2560×1600 – Max Detail
35
44.023
ATI HD 5750 1GB (Sapphire)
2560×1600 – Max Detail
27
38.686
NVIDIA GTX 250 1GB (EVGA)
2560×1600 – Max Detail
25
33.751
ATI HD 5670 512MB (Reference)
1920×1080 – Max Detail
38
47.23
NVIDIA GT 240 512MB (ASUS)
1920×1080 – Max Detail, 0xAA
29
39.446
NVIDIA GT 220 1GB (ASUS)
1280×1024 – Medium Detail, 0xAA
29
41.722
ATI HD 5450 512MB (Reference)
1280×1024 – Medium Detail, 0xAA
20
32.619
NVIDIA 210 512MB (ASUS)
1280×1024 – Low Detail, 0xAA
18
30.825

At the above-listed settings, the game played just fine. I have to stress that lowering the settings in this particular title makes for a starkly different (and mostly ugly) game, but at least we didn’t need to decrease our detail lower than medium.

Crysis Warhead

Like Call of Duty, Crysis is another series that doesn’t need much of an introduction. Thanks to the fact that almost any comments section for a PC performance-related article asks, “Can it run Crysis?”, even those who don’t play computer games no doubt know what Crysis is. When Crytek first released Far Cry, it delivered an incredible game engine with huge capabilities, and Crysis simply took things to the next level.

Although the sequel, Warhead, has been available for just about a year, it still manages to push the highest-end systems to their breaking-point. It wasn’t until this past January that we finally found a graphics solution to handle the game at 2560×1600 at its Enthusiast level, but even that was without AA! Something tells me Crysis will be de facto for GPU benchmarking for the next while.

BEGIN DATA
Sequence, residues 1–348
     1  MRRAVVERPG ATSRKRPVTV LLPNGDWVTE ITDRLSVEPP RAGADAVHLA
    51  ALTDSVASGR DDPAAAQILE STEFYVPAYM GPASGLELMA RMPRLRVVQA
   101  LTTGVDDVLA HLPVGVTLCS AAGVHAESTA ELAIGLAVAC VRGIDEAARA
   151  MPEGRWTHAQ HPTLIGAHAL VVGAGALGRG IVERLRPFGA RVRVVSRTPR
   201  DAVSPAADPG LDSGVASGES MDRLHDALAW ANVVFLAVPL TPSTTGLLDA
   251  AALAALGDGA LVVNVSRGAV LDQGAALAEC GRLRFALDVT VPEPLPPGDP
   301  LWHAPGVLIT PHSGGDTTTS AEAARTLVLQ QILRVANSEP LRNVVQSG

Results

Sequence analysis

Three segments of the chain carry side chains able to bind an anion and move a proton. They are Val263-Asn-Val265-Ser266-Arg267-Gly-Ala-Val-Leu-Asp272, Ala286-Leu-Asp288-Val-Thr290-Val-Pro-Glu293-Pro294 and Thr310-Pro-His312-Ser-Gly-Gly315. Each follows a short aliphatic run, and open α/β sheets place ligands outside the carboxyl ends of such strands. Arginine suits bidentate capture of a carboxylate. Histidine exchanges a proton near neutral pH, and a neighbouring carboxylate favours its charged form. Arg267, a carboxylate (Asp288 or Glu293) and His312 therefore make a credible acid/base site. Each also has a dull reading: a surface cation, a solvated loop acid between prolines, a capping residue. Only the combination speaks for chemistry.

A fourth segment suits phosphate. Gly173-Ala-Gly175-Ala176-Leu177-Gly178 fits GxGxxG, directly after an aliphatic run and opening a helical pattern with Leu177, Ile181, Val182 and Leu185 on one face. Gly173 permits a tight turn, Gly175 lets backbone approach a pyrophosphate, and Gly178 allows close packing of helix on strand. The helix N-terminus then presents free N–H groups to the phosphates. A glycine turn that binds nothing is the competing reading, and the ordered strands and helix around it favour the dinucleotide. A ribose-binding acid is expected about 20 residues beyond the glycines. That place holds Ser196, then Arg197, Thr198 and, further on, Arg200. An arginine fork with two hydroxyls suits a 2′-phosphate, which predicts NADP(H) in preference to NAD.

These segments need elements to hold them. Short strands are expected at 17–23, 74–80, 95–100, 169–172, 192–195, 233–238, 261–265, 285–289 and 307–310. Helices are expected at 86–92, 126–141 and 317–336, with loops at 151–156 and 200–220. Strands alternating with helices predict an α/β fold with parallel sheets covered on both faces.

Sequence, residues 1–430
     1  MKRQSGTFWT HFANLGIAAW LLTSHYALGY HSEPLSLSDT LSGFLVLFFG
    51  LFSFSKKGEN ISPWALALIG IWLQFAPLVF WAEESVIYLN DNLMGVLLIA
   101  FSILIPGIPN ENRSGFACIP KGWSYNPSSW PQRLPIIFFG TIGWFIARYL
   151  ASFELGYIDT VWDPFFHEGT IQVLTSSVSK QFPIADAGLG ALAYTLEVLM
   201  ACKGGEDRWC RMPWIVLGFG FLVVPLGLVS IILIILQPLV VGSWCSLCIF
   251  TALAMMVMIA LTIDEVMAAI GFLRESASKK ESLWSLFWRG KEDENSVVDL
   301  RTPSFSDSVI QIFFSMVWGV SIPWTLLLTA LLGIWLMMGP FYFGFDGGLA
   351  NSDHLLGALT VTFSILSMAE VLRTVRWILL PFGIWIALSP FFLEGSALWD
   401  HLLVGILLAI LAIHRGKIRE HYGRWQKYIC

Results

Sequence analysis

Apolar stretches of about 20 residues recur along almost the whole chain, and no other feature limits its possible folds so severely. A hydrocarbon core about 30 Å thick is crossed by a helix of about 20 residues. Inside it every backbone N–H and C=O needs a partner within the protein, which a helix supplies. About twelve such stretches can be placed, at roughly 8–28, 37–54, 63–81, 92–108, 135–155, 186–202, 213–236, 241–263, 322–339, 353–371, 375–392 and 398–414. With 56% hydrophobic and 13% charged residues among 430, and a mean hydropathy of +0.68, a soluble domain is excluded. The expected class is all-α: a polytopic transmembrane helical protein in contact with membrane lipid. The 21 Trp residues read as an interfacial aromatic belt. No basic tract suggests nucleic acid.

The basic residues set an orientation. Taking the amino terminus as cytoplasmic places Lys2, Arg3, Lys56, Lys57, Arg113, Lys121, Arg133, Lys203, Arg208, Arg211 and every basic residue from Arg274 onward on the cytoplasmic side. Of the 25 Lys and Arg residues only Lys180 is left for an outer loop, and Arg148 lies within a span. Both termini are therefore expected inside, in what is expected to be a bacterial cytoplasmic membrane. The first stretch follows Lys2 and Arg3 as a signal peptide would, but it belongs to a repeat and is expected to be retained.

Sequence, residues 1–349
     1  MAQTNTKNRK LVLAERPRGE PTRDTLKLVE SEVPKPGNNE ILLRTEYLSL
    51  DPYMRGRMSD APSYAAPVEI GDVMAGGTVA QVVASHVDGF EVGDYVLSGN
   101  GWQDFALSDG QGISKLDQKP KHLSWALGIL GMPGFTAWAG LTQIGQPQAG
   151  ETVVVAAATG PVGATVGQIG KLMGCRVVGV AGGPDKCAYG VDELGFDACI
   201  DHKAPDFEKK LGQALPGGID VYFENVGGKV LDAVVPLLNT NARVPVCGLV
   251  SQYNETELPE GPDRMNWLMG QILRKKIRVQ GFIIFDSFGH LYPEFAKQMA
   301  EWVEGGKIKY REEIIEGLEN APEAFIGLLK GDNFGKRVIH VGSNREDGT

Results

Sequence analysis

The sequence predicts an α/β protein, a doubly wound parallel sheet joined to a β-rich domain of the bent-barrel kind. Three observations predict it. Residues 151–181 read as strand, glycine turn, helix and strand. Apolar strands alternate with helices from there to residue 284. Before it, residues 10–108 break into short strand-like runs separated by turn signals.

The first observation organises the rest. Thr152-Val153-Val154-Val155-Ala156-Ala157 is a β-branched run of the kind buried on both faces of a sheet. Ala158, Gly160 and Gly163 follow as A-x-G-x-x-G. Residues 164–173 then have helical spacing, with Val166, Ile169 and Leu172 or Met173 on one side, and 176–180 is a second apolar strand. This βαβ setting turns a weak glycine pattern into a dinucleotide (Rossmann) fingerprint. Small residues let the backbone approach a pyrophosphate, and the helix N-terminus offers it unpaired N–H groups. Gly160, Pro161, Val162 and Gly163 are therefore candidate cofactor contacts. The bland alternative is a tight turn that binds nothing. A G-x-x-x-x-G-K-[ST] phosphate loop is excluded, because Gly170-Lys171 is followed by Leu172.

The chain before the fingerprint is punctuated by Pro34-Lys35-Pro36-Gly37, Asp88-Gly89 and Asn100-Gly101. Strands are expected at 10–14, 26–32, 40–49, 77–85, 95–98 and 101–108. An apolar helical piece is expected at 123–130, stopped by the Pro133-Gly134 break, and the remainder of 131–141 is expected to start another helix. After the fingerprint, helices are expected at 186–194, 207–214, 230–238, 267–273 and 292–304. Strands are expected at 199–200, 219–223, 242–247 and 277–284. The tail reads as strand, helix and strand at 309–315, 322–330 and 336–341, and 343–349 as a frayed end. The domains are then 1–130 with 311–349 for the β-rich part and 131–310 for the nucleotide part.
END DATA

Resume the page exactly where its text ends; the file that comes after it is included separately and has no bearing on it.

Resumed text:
Manual Run-through: Whenever we have a new game in-hand for benchmarking, we make every attempt to explore each level of the game to find out which is the most brutal towards our hardware. Ironically, after spending hours exploring this game’s levels, we found the first level in the game, “Ambush”, to be the hardest on the GPU, so we stuck with it for our testing. Our run starts from the beginning of the level and stops shortly after we reach the first bridge.